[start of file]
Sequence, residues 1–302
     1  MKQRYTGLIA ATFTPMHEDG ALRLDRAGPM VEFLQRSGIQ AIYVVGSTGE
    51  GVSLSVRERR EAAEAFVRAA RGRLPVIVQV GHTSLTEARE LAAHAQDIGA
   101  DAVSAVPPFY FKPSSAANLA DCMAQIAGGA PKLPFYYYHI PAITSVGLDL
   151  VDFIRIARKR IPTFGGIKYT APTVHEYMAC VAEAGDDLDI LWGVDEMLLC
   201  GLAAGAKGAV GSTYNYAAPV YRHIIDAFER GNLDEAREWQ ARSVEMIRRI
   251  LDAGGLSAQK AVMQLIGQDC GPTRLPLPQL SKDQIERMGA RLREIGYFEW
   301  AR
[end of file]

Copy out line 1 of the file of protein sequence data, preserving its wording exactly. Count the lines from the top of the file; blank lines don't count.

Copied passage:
Sequence, residues 1–302